According to the Pareto principle, 20% of our efforts give us 80% of the result. And our hardest task is to understand, whether 80% of the result is enough for us, or do we need 100%. In the case where we're just tagging friends, those 80% results that you can get quickly are enough - that's what our product needs. If it's authorization, or something related to payments and finances, then we need 100%.
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3. Invest time in evaluating the results of the impact on the product

It's always necessary to measure user metrics. If we're talking about facial recognition, it's interesting to look at graphs of how often people agree with our friends' suggestions, and how often people click "No, that's the wrong person." If we just know that this model is 80 % accurate, that information means almost nothing to the product. But if we see a user cancel our suggestions every 10th time, then we're probably wrong too often.

It is very difficult to choose the perfect metric on the first try. For example, the social networking service "Recommendations of friends" seems quite simple. The metric is - the more friend requests we send, the better. But if we send requests and no one responds to them or users accept requests but don't communicate? Metrics will become more and more complicated in order to reflect the product better. It is better to tune into interactivity right away because initially many things cannot be predicted in advance.
How do you know when it's time to change a metric? An important signal is when one metric is going up, some other product metrics start going down. That means that something is out of sync, and it's time to think about it. Or when we see that the metrics are growing, but it's subjectively uncomfortable for us to use them. Or when we see calls to support and users complain about something, and there is a metric that keeps growing. So maybe it's time to change. In any situation where you see some kind of mismatch between metrics and reality, you need to check if everything is good.

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Launching ML solutions in production
Our goal is actually to get our experiment into production as quickly as possible, to the real users.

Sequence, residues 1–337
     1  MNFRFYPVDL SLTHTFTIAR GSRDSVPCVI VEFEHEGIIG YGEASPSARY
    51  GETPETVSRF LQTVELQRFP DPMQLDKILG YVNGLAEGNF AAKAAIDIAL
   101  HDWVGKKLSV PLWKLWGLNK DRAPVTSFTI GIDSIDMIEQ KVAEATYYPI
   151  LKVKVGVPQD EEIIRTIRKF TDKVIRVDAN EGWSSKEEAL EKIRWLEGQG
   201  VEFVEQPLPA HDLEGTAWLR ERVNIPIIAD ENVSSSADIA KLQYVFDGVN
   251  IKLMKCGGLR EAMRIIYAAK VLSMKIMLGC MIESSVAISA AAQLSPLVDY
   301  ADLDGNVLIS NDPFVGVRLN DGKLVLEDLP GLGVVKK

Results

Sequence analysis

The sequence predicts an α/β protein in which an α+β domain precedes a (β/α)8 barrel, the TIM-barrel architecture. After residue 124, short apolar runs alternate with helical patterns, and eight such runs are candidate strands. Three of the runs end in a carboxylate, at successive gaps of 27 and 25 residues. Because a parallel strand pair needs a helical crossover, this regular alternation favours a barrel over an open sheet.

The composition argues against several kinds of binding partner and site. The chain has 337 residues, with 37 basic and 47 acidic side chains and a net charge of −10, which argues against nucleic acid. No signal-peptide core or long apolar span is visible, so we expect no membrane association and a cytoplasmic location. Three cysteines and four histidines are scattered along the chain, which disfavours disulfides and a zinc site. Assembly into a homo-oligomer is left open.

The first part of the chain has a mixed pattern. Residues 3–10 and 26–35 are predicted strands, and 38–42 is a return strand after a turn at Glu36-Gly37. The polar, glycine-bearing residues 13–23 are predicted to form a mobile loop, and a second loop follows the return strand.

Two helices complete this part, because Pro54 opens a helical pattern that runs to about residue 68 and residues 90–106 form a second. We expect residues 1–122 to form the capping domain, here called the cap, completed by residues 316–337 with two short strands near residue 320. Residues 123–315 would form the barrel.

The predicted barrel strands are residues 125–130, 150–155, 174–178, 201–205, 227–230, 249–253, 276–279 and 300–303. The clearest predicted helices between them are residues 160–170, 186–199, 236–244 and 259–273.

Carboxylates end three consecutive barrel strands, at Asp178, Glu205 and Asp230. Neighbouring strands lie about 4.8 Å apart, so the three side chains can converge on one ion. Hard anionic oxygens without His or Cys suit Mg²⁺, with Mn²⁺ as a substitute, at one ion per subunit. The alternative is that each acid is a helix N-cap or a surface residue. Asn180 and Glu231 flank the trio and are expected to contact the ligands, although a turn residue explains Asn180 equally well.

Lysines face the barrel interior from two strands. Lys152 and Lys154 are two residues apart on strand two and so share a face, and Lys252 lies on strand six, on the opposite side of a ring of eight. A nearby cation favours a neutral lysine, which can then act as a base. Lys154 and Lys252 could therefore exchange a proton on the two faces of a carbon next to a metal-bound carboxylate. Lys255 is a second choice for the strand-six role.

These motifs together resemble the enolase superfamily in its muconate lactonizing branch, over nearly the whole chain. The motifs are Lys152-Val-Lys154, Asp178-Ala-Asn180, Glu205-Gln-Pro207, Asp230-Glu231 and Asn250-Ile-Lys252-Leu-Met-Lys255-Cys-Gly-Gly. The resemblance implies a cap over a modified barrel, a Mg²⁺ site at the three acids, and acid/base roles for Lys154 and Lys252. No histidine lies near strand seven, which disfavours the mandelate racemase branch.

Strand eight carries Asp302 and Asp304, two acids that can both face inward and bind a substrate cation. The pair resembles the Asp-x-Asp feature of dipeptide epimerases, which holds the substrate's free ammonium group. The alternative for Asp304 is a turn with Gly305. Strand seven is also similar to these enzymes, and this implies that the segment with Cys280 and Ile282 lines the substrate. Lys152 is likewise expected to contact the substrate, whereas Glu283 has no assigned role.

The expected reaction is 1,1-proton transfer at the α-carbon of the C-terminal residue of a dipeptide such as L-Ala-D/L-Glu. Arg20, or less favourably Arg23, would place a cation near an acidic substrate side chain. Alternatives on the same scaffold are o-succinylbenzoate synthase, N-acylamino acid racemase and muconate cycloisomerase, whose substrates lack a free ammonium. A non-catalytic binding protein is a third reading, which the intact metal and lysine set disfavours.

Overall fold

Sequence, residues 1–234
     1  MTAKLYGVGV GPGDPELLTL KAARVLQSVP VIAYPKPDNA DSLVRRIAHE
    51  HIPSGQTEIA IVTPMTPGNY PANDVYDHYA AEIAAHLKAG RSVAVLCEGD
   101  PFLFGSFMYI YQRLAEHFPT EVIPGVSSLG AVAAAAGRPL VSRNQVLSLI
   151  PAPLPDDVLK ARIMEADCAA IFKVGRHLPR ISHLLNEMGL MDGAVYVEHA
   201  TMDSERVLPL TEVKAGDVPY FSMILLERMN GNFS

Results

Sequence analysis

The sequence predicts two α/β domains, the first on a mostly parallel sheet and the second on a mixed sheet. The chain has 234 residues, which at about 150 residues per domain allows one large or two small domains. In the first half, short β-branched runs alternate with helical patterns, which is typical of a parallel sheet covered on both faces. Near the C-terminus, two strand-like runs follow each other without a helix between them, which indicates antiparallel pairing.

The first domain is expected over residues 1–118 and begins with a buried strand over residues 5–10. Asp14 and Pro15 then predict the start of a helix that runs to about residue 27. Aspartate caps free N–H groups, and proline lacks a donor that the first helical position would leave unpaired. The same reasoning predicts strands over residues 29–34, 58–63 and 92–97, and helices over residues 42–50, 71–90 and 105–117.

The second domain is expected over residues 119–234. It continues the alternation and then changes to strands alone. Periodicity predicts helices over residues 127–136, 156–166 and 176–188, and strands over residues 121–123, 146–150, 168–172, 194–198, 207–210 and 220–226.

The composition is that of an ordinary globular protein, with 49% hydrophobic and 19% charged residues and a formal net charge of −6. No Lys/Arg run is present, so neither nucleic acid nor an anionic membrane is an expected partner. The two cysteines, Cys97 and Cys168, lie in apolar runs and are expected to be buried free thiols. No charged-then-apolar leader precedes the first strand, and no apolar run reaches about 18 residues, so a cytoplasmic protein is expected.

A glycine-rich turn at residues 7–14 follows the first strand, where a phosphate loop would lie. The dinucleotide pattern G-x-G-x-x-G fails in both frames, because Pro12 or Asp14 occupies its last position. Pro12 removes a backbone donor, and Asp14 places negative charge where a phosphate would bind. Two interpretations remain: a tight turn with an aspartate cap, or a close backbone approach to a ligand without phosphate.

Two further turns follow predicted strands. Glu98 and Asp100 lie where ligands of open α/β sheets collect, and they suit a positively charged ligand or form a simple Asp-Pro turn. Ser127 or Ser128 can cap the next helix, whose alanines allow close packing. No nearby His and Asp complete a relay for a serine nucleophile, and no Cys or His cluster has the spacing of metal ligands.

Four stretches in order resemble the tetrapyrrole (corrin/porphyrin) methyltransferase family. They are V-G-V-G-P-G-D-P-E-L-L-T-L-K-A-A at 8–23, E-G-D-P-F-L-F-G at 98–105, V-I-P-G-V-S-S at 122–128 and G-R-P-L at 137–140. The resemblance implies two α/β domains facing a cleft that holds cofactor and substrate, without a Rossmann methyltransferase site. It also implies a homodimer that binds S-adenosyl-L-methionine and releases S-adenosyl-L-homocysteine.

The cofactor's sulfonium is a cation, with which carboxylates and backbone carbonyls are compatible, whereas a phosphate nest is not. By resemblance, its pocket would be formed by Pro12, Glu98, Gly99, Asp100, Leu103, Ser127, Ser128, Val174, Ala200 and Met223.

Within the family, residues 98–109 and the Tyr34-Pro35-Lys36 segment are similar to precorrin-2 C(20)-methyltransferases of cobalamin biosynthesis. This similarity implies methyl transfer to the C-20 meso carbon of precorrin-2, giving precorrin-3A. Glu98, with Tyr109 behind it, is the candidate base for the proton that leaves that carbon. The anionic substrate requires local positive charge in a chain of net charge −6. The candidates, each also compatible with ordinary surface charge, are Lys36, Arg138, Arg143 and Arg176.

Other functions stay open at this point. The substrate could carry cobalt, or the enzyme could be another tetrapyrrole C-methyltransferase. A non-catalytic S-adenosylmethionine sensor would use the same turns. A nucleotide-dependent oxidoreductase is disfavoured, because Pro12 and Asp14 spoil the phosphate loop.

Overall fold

There are three levels of algorithm launch into production.

Testing on the % from all the users.

Setting up criteria of:

  • launching an experiment
  • switching the algorithm off
  • feature failure
  • expanding on all the users
Algorithm + UI

Additionally to first option:

  • choosing the minimal test group
  • setting criteria for expanding the test group
  • creating experimental management infrastructure

Point of no return
  • maximizing the number of hypotheses tested per unit time
  • launching few algorithms on different test groups
  • choosing the optimal algorithm
Users usually don't know which algorithm is responsible for what action. For them, it is all hidden and quite convenient. In this case, you can always include a small percentage of users for the start. If we understand that users’ experience became worse, turn it off. It is very important to prepare criteria according to which we will understand that our hypothesis did not work at all, and it is no longer necessary to move in this direction and it is not worth investing more time in it. And if everything is great, you can turn on the algorithm for all users.

The second level is when we can no longer experiment unnoticed by users, and the user sees that something is going on. We need to figure out what is the minimum test group to include. It could be a separate city, a separate country, a separate region, or a separate age. And what's important here is the infrastructure to manage this tool and to turn it off quickly, if anything goes wrong, because it can attract attention.

And the most complicated and fascinating option is when we launch something publicly, and then it has to work right away. It is useful to prepare several variants of the algorithm at once because if you make one algorithm, run it and see from the charts that it works poorly, then you can only get frustrated and lose users. If you had three algorithms run in the test at once, you can quickly figure out which one is the best at the moment and include it in most of the audience, and leave the other two already in a small experiment.
The charts, unfortunately, don't tell us everything, although we really wish they did. Let's say we launched the algorithm and most of the audience got noticeably better. They started spending 1,5 times more time inside the product. But 20% of the users got significantly worse on most charts. But at the same time, these 20% of users who have become very uncomfortable with a new algorithm, they may simply leave you in a month, and the number of unique users will fall. So it's not enough to look at one or two charts. Support can help you in this case. Users like to tell you that something went wrong. The main thing is to learn how to work with this large unstructured flow of information. If you create a community around your product, active users will always help you tell your team to understand in which direction to move.
Now to sum up everything. It is important to formulate the task correctly. It is important to set the right quality requirements so that it does not accidentally turn out that we are solving the wrong task for the users. Remember about metrics and remember that all the stages of solving a task are important, even quite routine and spend a lot of time to understand how it all works on real users, not only guided by theory, but by some of our preliminary estimates. It's important to remember that in order to make cool things, you have to experiment, you have to invest time into it. So let's all make cool products together.